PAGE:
Hi Kathleen–That’s an excellent goal to have. You’ll be free to go on with your life and the debt will be behind you. I’ve seen people carry student loans deep into their 30s and even 40s. They can have a negative effect on what you do later on. Getting rid of them now is the best course of action.

5 V

If you graduate in your late 20s, paying off student loans into your 30s and 40s is the reality for some of us, depending on various factors. Luckily, with yearly salary increases, bonuses and paying down credit card debt to free up more money, I’ll be able to double and even triple my monthly payments in the future.

6 Kevin Mercadante

Hi V–At least you have a plan.

7 V

Thanks Kevin, a plan is a start toward a debt-free future. I look forward to it happening sooner than later.

8 JDRobison

I really appreciate this particular post. My loans are manageable with my salary, but my wife graduated last December with an education degree, and schools really only hire once a year (when school starts in the fall). We are really holding out that she finds a job, but if she does not her loans will be a pretty big financial burden. She is working three part time jobs, but it is just not the same as a salary with benefits. Paying off our loans is a struggle we are really trying to figure out.

9 Kevin Mercadante

Hi JD–that’s the careers and jobs issue that’s almost unique to this time. Jobs and careers are less certain now at a time when student loans are larger than ever. It’s a very real double whammy.

I know very little about employment prospects in education, but from what I’ve heard, math and science teachers are in a pretty strong position. Is she in either of those?

10 Brad

I am on a teachers salary and I have $80,000 in student loan debt. Many of the sacrifices you have listed here I implement just to survive pay check to pay check. The goal is to pay off my debt early but it is very taxing to maintain a mindset for being so frugal. I went to college so I could live a good comfortable life and here I am imprisoned by my student loan debt. I made plenty of mistakes along the way and take full responsibility for them but it is mentally exhausting dealing with student loan debt. You can read about how I deal with this debt and how to prevent it on my blog. Nice Post.

11 Mike Young

Great post Kevin. It is really sad how much student loan debt cripples people. I meet with people for financial coaching who are still struggling to pay off their debt in their 40s and it is so frustrating for them! There are studies showing that a large amount of people delay getting married and having kids b/c of student loans. It’s really just sad!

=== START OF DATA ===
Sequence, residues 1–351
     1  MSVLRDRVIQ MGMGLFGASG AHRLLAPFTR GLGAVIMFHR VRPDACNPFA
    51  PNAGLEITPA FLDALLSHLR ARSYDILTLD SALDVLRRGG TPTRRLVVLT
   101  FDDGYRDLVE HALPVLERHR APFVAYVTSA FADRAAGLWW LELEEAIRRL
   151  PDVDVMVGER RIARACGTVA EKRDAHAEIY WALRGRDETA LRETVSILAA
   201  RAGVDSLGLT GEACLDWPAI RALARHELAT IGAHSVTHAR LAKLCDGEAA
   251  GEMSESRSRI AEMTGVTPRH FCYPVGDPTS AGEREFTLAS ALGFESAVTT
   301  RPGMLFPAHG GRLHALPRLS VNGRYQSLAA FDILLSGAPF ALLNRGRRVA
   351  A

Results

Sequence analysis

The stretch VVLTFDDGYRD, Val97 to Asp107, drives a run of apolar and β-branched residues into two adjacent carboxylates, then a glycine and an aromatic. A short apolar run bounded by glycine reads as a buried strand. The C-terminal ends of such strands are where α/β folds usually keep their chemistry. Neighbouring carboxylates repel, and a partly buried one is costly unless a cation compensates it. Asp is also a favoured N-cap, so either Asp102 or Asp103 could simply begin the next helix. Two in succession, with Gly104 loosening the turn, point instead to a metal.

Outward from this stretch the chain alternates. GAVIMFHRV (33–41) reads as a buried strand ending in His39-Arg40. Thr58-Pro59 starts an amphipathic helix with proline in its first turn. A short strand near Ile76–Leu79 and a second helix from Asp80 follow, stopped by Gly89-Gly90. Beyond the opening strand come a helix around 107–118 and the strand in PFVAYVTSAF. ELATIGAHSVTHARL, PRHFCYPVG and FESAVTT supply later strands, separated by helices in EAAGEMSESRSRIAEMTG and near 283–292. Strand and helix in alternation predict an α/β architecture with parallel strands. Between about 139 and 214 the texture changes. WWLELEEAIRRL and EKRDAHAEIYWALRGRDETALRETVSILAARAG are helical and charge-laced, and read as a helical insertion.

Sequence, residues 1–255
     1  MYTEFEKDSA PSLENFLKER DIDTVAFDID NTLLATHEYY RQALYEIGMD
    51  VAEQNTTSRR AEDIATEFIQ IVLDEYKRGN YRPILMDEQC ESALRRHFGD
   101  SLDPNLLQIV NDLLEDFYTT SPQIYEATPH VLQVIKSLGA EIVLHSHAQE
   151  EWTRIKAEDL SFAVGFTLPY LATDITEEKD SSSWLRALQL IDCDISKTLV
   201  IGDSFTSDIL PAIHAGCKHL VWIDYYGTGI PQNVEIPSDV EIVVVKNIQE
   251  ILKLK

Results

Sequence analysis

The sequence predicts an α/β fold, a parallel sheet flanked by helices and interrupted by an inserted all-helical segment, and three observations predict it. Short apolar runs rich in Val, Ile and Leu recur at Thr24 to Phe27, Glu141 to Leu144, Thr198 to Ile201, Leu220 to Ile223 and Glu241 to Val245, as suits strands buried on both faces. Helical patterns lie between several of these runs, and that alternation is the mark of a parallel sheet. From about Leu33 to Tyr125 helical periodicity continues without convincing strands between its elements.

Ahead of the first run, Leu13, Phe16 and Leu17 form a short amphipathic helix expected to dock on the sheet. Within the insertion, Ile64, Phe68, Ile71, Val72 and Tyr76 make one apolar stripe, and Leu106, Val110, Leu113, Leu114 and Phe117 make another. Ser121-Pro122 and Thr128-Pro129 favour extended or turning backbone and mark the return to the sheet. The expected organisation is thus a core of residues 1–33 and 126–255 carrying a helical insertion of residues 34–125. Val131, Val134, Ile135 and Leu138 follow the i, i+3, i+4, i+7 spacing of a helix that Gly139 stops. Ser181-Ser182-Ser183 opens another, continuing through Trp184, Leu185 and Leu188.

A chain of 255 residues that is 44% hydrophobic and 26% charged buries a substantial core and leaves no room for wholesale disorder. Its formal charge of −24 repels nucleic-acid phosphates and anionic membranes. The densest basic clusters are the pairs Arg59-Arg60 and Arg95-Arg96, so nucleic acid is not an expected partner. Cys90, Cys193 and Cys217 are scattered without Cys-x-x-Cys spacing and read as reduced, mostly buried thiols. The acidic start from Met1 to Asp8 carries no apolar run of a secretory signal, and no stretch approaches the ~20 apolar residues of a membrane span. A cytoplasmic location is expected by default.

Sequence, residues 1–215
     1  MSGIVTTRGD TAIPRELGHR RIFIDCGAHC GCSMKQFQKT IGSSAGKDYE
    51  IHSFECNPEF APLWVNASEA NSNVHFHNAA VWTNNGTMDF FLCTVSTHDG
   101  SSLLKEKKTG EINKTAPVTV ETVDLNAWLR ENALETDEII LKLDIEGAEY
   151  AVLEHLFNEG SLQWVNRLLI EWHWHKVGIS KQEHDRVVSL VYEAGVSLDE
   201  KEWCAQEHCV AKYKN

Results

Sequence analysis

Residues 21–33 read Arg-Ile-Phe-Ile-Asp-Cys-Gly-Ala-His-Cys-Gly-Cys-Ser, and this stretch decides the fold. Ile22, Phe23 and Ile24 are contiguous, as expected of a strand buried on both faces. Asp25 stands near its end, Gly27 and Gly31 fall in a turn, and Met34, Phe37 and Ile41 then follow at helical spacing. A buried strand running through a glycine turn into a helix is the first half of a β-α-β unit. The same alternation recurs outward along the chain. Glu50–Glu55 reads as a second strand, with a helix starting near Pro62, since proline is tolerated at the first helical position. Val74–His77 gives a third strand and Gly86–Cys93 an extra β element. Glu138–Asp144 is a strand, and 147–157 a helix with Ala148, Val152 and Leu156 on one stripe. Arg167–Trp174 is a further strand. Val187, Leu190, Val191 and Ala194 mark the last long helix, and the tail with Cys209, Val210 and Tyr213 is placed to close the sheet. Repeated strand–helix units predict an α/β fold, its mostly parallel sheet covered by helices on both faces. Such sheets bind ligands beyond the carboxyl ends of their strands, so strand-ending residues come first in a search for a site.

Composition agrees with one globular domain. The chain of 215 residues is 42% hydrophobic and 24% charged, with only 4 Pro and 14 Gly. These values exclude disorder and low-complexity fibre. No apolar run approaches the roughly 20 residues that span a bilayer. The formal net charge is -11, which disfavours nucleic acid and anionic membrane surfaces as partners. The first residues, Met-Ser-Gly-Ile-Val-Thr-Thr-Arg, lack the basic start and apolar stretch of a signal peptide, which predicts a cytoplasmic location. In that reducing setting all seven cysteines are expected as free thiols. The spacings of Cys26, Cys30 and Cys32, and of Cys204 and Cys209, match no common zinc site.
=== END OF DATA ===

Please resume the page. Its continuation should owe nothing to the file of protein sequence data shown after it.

12 Kevin Mercadante

Hi Mike–Even worse is that student loans often set grads up for a lifetime of indebtedness. Once you graduate and have to begin repayment, student loans effectively reduce your income. You might make that up by borrowing elsewhere to cover what your reduced paycheck can’t cover. It’s a vicious cycle and I’ve seen the fallout of this playout many times in exactly that fashion. Student loans are infinately more difficult to get out of then they are to get into.

13 Mike Young

That is for sure!

14 Mahesh

Students loans are often vicious circles. Involving in more work like a second job may be frustrating to many. Not many can think of it. Still managing a student loan can be a good experience to begin , because there are plenty of loans to come by later in the life.

Your article is nice, Thanks

15 Kevin Mercadante

Hi Mahesh–the vicious cycle is really the deepest issue with student loans. You start out in life with a large debt, and as time goes by you add more debt on top of it. Before you know it you’re trapped.

This is why I think it’s important to be very intentional about paying them off as soon as possible. Student loans can turn debt into a financial lifestyle.

16 Felicity @ Waist & Wallet

I’m working on knocking out the student loan debt and dreaming of a day when every extra dollar doesn’t have to go toward paying off debt.

17 Kevin Mercadante

Hi Felicity–It may be that every extra dollar is going to pay off the student loan debt, but just visualize how good it will feel when they’re gone. A lot of possibilities will suddenly open up for you!

18 Slane

Thanks for the insightful article. I am finishing up my Ph.D. right now and will be 80k(ish) in debt due to student loans. I have already made the decision to continue living as a student as a student for the years it takes me to aggressively pay off my debt. I will be living on half my salary so that I can pay my debt off in 3 years. I know it’s a miserable time to be in my early 30s and living as a pauper, but becoming entirely debt-free and having a great credit score will be beyond worth it for my future lifestyle, peace of mind, and one-day-retirement abilities. :-)

My partner and I have decided that I won’t consolidate my loans, rather I’ll keep them in them in the 16 different small lumps they’re in and focus on paying back the ones with high interest rates the fastest. I plan on burning each loan receipt every time I close out a loan debt.

19 Kevin Mercadante

Hi Slane–I think you’re handling this right. $80k is a lot of debt and the sooner you get rid of it the sooner you can get on with your life. Maybe this is a bonus, but I think that the frugality you’ll learn in the process will be worth more than anything. For example, once you’re done with the loans, you can divert the extra money into savings and investments and build up a nice bankroll in a hurry. Living on next to nothing while paying off your student loans will prepare you for that. Low living expenses + big cash balance = financial independence!

20 James

I disagree heavily with the whole “buy a beater” idea. Cars on their last leg cost more than simply paying a small auto loan payment each month. $800 to fix a radiator problem, $1000 to get a new clutch, $400 to replace brakes that you didn’t know need replacing–shit adds up, and they’re ALL unexpected expenses. While your car is in the shop, you’re stressed out at work and having to find alternate arrangements.

21 Kim

For all the educators out there- Visit the elementary, middle and High schools and get on their list of recommended tutors(if you have to prove yourself then maybe you can offer a free sesson to the secretary or her/his kid). Not only will you be paid better then a part time job(I have to pay my two boys math tutors 50.00 per hour each) and we only do it twice a month-most people get tutoring once a week. All of the tutors in our area(Seattle) have waiting lists. Plus, if you always go back and thank the school secretary for the referral then it will be great Networking(you cannot imagine how much power the secretaries have-they practically make all the decisions behind the scenes.. Good Luck to everyone paying off loans..